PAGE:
She said, after a moment, giving him a critical once-over as if to make certain he was really okay, "I'm very pleased to see you again, Haar. It wasn't the same without you."
He had a thousand responses prepared to use for that very moment, but he was left speechless. Wordlessly, he pulled her into a one-armed hug. She gave a small squeak of surprise, but hugged him back.
"Jill?" Mist's voice interrupted things, and Jill pulled away far too early for his liking. Ike's younger sister had a wide smile on her face, and tears in her own eyes.
Jill turned back to him and smiled before squeezing his hand. "I'll talk to you later," she said before running over to her friend.
Haar almost felt upset at Mist for cutting his time with Jill short, but the younger woman redeemed herself with the first thing to come out of her mouth when Jill drew near, "I'm so glad the two of you are back together! It just felt so wrong seeing Sir Haar without you!"
It was almost as if she had grown more beautiful in the time they'd been apart, though Haar realized the thought was ridiculous and in the end, it didn't matter. Perhaps her face had matured a little, and her stance gave away the weariness only felt by soldiers at war, but she was as she always had been.
He felt her toe nudge his leg. "Hey, wake up."
She'd long ago given up on yelling at him to wake up. He wasn't deaf—actually, his hearing was better than hers—he simply had selective hearing, and he would choose to ignore anyone who felt they had to wake him up by screaming at him.
"What is it, Jill?" he asked, cracking open his one good eye.
She reached her hand out to help him up, and he took it. "Dinner. Mist and Oscar whipped up a great feast for us. Well, a great feast considering our options."
He stifled a yawn. "Hmmm."
She frowned and took his hand again, tugging on it. "Come on, Haar. I didn't walk all the way over here to have you fall asleep before I made you eat something."
He watched her try to tug him forward for a moment, and then shrugged his shoulders and let her pull him for a few feet. There was something almost irresistible about her, he thought.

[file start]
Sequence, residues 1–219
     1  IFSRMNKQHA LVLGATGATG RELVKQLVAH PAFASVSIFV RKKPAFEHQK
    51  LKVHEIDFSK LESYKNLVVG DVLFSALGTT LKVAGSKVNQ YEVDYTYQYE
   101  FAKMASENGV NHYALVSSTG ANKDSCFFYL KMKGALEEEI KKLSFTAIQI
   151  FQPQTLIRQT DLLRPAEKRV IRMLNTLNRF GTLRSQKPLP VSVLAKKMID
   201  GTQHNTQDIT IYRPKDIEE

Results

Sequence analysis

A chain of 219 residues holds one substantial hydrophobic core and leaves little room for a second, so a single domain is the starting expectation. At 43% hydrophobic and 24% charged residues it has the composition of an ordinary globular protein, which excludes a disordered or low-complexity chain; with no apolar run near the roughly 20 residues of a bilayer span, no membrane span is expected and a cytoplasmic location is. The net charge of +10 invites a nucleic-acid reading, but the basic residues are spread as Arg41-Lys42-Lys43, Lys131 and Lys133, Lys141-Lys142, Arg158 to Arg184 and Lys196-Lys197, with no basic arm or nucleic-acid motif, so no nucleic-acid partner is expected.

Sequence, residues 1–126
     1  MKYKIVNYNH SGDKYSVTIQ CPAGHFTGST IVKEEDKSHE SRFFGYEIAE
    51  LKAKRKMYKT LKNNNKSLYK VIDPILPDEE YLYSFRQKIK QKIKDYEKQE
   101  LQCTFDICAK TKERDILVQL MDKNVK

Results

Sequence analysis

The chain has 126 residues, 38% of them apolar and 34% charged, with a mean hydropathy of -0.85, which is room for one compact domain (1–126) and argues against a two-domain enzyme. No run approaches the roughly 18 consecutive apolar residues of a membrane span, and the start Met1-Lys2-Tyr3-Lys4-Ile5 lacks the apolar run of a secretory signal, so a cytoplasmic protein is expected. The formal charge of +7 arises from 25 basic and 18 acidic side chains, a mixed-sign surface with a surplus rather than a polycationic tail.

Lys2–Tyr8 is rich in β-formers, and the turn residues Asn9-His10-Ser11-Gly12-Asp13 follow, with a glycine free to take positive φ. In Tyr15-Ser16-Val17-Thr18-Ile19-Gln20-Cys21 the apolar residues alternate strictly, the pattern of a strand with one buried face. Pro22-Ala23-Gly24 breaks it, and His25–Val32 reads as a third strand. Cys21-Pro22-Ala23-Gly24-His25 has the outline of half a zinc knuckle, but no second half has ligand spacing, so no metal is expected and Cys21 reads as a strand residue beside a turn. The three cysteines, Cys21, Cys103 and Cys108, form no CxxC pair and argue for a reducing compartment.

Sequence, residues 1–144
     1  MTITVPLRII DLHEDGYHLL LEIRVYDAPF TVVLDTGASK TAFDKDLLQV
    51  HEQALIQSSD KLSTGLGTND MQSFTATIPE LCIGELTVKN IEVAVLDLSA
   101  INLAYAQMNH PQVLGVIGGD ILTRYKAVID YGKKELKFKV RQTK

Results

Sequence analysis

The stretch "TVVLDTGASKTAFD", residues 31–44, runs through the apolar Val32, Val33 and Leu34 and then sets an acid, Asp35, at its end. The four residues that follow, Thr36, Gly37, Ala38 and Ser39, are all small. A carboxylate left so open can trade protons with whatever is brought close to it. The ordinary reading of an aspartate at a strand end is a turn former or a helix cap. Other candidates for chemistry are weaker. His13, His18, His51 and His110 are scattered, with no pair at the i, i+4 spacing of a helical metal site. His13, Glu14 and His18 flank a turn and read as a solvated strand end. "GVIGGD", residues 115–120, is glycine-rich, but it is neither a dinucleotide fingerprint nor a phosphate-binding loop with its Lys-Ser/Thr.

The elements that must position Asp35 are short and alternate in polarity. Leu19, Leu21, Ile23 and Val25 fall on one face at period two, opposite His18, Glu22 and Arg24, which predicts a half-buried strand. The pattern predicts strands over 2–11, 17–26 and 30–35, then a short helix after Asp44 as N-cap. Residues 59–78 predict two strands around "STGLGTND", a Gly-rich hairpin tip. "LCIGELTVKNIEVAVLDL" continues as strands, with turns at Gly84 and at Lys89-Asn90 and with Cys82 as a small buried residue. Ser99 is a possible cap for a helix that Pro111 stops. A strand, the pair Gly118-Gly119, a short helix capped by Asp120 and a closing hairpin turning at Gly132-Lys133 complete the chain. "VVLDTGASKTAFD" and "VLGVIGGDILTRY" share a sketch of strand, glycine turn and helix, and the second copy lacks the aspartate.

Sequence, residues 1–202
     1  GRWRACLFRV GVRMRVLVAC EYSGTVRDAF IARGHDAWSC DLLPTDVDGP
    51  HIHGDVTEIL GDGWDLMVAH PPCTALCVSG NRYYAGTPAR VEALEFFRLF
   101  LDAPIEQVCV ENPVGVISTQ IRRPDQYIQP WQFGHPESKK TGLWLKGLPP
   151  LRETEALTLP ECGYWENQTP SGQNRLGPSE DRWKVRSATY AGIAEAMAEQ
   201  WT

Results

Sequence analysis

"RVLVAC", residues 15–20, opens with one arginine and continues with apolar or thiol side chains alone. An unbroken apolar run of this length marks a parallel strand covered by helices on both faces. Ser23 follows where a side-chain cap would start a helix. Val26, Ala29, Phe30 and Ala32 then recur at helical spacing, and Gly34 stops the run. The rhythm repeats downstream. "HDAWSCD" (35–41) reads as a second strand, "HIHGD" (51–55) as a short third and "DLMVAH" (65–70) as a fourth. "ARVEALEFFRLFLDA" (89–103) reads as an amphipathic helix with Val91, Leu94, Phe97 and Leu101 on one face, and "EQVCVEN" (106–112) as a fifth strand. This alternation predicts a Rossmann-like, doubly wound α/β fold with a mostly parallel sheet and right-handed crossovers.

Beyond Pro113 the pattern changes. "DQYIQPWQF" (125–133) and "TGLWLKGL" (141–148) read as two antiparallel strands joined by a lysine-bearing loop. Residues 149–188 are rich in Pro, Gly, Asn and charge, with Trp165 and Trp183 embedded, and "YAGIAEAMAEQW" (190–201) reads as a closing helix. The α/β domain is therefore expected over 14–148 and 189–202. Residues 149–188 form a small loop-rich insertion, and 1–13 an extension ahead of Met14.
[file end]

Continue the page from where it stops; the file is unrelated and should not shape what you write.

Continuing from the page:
She freed his hand as he fell in step with her, but he scooped her hand back up with his own and gave it a squeeze. Jill tossed him a questioning glance, which he returned with a crooked half-smile that offered no explanation.
She seemed to accept it as it was, and walked a little closer to him, a small smile crossing her lips.
His heart stopped when he saw her wyvern plunging toward the ground.
As soon as he could be there, he was, the beats of his heart pounding in his throat. She looked suddenly fragile lying half-beneath the large form of her wyvern. The beast must have landed first, he thought, and then rolled onto her after she'd fallen from her saddle. She was struggling to move.
He approached her at a dead run, sliding to a stop and falling to his knees to grip her shoulders firmly. "Whatever you're doing, stop it," he ordered, and perhaps because it was him saying it, or perhaps because she had been a soldier for so long, she obeyed.
"Haar?" she breathed. She couldn't see him for the blood in her face. A deep cut across her forehead was the culprit.
He petted her hair as reassuringly as he could, at once terrified and relived. At least she had survived the fall. She was hurt pretty bad. If the cut were lower on her face, it would have taken her eye. She could have all kinds of injuries he couldn't even see.
"Haar?" she tried again. Her voice sounded weak. "I… My legs are stuck. I tried to free them, but I can't and I don't know why." She looked quite unlike herself—unsure and confused.
At once he knew why. Her right hand was broken, and her legs were trapped beneath her wyvern's thick tail.
"I'll get it," he assured her. "Don't worry about it."
And he let her go just long enough to move her dead wyvern's tail out of the way. A deep groan forced its way from her throat as the weight was removed. The material of her pants was stained a bright red, and he wasn't sure if it was because she'd broken bones in her legs, or because of the wound that sliced across her stomach.
He kneeled beside her and tried to lift her up, not caring at all if she dripped blood all over him. He had to get her to Mist or Rhys or…anyone. The dead weight of her body was a deterrent, but he managed to get to his feet with her in his arms after a few moments. "Jill," he tried, touching her face carefully.
Her eyelashes fluttered and she barely opened her eyes to acknowledge she'd heard him.
"Don't fall asleep."